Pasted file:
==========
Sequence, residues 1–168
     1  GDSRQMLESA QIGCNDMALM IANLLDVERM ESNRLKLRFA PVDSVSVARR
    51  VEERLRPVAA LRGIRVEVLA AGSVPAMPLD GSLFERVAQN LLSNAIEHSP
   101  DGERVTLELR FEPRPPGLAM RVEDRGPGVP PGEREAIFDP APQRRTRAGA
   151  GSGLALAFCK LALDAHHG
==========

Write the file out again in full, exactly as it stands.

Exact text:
Sequence, residues 1–168
     1  GDSRQMLESA QIGCNDMALM IANLLDVERM ESNRLKLRFA PVDSVSVARR
    51  VEERLRPVAA LRGIRVEVLA AGSVPAMPLD GSLFERVAQN LLSNAIEHSP
   101  DGERVTLELR FEPRPPGLAM RVEDRGPGVP PGEREAIFDP APQRRTRAGA
   151  GSGLALAFCK LALDAHHG